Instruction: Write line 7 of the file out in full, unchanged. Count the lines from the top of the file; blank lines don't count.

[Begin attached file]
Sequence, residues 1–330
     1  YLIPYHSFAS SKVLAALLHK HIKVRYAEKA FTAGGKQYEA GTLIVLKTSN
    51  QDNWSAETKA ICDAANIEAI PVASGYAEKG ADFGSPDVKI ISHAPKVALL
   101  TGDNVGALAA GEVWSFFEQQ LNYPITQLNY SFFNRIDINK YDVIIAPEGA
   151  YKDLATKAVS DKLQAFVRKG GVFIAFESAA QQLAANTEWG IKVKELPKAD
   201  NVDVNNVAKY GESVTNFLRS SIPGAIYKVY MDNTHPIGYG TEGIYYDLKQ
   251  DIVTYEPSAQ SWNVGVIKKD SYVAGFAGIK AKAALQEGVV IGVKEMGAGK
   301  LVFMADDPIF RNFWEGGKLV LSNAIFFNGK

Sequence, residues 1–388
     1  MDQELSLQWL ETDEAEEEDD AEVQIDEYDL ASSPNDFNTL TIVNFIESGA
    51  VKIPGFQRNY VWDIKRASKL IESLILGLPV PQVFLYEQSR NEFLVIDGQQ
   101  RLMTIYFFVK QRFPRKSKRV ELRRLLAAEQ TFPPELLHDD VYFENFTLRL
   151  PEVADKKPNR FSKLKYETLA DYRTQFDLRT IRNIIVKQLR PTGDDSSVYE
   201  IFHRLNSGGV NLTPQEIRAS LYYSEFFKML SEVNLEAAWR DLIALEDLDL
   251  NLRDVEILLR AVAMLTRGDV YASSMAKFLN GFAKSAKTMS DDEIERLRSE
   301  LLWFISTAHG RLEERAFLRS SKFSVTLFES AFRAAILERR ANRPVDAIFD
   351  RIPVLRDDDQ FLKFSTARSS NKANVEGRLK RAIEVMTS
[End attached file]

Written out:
   251  DIVTYEPSAQ SWNVGVIKKD SYVAGFAGIK AKAALQEGVV IGVKEMGAGK